Oregon Senate Passes Transportation GHG Bill
Oregonians hold onto your Astons! Your state senate has passed a bill, SB 1059, that seeks to reduce ground transportation-related GHG emissions 75% relative to 1990, by 2050, in the state’s six major (by Oregon standards) metro areas.
The bill largely sets process in motion, mandating a “toolkit” of useful measures, whatever that is, to be developed by the Department ofTransportation and the Department of Land Conservation and Development, as well as planning guidelines, and leaving details up to the Big Six. The Oregonian foresees the tool kit as containing–among other things–mass transit (Oregon must not be aware that this is one of the least cost-effective ways to reduce GHG emissions), denser development mixing the residential and the commercial, and traffic light timing (hallelujah!).
These goals will be all the harder to achieve if the US population grows as projected. Now 308 million (Census), the US is expected to reach nearly 440 million by 2050 due largely to mass immigration (Pew Research Center, 2008).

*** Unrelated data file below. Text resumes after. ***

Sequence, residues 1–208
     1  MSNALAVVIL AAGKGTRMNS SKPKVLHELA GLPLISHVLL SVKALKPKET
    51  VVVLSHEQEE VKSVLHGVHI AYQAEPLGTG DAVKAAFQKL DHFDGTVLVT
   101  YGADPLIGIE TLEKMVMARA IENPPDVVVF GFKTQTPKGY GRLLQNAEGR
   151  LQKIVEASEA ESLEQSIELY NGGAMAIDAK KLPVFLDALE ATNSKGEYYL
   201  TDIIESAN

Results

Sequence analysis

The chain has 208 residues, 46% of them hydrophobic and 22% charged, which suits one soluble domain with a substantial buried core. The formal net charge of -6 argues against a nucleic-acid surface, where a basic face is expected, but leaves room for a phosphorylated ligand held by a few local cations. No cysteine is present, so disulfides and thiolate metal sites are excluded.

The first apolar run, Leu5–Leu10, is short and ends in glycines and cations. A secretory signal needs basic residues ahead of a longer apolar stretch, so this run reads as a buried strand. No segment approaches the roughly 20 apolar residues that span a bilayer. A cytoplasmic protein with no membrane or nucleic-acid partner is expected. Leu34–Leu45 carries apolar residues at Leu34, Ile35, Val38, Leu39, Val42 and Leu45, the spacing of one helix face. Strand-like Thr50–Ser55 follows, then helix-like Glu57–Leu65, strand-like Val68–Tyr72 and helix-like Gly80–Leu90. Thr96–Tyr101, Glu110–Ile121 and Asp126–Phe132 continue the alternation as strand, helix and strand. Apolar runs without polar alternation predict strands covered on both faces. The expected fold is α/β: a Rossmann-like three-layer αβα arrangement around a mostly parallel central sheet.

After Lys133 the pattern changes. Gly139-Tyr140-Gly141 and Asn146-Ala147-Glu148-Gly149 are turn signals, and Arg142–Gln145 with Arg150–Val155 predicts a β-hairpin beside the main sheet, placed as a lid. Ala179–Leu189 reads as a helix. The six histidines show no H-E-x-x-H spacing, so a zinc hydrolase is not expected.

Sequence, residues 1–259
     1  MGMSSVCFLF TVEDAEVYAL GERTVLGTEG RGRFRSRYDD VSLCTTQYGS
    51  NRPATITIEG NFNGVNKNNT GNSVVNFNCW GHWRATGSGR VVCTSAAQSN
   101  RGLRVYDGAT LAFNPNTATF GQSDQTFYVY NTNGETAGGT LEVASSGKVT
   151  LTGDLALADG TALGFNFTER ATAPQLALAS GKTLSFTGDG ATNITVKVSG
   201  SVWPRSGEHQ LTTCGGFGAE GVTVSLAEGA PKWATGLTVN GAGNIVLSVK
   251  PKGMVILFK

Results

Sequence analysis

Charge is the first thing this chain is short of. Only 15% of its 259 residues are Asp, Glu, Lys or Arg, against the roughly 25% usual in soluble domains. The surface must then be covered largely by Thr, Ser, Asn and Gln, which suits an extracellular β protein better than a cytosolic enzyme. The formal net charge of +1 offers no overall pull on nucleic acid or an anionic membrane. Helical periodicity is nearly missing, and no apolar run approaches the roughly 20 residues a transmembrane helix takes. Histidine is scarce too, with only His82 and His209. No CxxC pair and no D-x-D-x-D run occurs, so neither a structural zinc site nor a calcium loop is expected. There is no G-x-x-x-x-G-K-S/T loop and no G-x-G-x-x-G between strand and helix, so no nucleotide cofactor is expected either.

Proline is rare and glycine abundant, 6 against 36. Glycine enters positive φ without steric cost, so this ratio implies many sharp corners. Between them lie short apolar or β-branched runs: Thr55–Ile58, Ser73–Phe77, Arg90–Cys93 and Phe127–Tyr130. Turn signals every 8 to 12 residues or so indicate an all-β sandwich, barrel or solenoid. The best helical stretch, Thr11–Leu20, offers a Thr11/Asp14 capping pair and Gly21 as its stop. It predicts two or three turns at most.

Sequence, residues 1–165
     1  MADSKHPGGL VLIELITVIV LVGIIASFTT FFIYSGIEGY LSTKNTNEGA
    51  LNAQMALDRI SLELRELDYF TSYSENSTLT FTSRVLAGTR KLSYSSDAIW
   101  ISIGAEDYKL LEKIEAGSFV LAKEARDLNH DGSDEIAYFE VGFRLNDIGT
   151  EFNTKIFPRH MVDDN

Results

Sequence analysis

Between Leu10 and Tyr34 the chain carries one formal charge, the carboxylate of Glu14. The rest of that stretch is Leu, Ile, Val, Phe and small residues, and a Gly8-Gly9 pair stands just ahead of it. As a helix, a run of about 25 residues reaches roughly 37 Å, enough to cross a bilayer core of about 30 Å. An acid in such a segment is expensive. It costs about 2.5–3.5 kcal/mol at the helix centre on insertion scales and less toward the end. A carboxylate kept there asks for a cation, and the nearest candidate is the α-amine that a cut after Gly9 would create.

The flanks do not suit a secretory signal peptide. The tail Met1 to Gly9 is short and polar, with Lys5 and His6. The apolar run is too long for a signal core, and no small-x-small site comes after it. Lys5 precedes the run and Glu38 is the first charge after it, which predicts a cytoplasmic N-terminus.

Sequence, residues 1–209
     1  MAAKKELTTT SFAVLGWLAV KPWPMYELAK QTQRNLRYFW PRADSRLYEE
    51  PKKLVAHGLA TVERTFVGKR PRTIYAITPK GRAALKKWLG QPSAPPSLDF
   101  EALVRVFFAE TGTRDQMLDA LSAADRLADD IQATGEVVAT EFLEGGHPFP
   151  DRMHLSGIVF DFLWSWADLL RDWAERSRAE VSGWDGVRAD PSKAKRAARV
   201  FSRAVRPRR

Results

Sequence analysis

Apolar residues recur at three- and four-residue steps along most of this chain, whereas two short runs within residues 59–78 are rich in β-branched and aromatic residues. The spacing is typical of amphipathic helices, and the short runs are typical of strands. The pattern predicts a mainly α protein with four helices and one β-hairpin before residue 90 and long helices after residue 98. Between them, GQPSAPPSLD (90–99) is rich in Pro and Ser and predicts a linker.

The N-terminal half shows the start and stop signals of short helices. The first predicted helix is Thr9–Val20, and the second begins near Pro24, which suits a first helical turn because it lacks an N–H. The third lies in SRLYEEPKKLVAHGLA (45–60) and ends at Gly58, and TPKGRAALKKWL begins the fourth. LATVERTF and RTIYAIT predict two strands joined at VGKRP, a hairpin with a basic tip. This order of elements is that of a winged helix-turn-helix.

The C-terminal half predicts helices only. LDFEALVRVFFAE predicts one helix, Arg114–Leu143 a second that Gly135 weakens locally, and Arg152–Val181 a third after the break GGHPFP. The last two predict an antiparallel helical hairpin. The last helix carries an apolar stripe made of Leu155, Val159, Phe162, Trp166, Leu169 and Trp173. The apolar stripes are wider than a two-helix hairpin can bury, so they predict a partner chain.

Of all the major energy use sectors of the economy, GHG reduction is most difficult in the transportation sector. Nonetheless, if the Beaver State succeeds in encouraging greater density of development, that would probably have lasting benefits, improving air quality, and protecting farmland from development, according to Sen. Alan Bates (D-Ashland), and probably painlessly reducing VMT. But watch out for legislators who want to stuff you into a Pelosimobile or tax your VMT.
The bill was unanimously opposed by Senate Republicans. Now it must be approved by the Oregon House.
Oregon's Land Use Planning Policies.
If that's what Oregonians (or is it Oregonites?) want then let 'em have it. I'm all for state rights even when they do things I don't agree with. Just don't try to get the federal government to thrust this kind of legislation on everyone else and we're cool.
Not only did the ancient Greeks know the earth was spherical, Eratosthanese accurately computed its size in 240 BC. The church officials who prosecuted Galileo didn't contend that the earth was flat, they thought the earth was round and the sun orbited around it. Moedaman, the earth has been warmer or colder, but the current warming is far faster than past changes. Change this fast is very difficult for various plants and animals. If your preferred climate spot moves 1000 miles further north over the course of 100 years, and you scatter your seeds at most a couple of miles from you, you've got a serious problem.
Much of California's budget problem is caused by mass immigration. The average Californian family pays more than $1,000 in extra taxes to provide around $3,000 to the average immigrant family, according to the US National Academy of Sciences (1997).